Allow me to address this Poem to your notice, that in so doing I may gratify the feelings of affection which a fond brother entertains for you.
     The celebrated Author of The Deserted Village has pathetically displayed the anguish of his Countrymen, on being forced, from various causes, to quit their native plains, endeared to them by so many delightful
recollections; and to seek a refuge in regions at that time unknown, or but little heard of. It would, perhaps, have been a subject of astonishment to him, could he have known that some of his relations were to be among the number, and that a grandson of his brother Henry, to whom he dedicated his Traveller, would first draw his breath at no 10
great distance from the spot to where

"Wild Oswego spreads her swamps around,
And Niagara stuns with thundering sound."

     In The Rising Village I have humbly endeavoured to describe the sufferings which the early settlers experienced, the difficulties which they

surmounted, the rise and progress of a young country, and the prospects which promise happiness to its future possessors. You, my dear brother, were born in this portion of the globe, and no person can form a better opinion how far I have succeeded in the attempt which I have made, or judge more correctly of the truth of the descriptions. 20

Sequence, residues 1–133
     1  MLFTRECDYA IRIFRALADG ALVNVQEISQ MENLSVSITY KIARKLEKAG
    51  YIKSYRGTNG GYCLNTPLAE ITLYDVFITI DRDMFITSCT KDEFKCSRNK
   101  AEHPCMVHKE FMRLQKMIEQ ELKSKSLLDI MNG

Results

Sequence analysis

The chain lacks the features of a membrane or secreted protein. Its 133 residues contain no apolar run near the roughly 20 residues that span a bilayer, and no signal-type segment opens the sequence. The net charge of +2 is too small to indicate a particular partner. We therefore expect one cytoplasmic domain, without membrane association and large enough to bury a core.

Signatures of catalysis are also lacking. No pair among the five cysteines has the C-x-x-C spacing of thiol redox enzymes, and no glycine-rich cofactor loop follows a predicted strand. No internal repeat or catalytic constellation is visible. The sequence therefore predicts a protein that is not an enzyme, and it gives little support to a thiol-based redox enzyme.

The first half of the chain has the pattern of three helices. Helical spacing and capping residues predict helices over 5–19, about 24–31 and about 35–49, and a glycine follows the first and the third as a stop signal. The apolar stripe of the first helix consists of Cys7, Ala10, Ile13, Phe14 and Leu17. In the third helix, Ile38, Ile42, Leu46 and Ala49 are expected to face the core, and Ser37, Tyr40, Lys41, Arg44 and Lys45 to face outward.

The remarks which I have made on the schools are, however, more strictly applicable to a former period, than to the present one. Twenty years ago, with the exception of the College at Windsor, there was only one school in which the Classics were taught, and that one in the capital of this Province. Now the number is greatly increased, and the means of 25
acquiring a liberal education have been rendered as easy as in any other country.  Indeed, this happy Colony has been extremely fortunate in the appointment of those able men, who have been selected, by His Majesty, to preside over it. They have shown, at all times, a warm interest in its prosperity, and have manifested the sincerest desire to 30
promote its welfare and happiness. The name of Dalhousie and of Kempt must ever be associated with that of Nova Scotia, and claim the gratitude and affection of its inhabitants.  

    I remain, my dear HENRY,
    Your affectionate Brother,


    Halifax, Nova Scotia,
    March 31, 1824.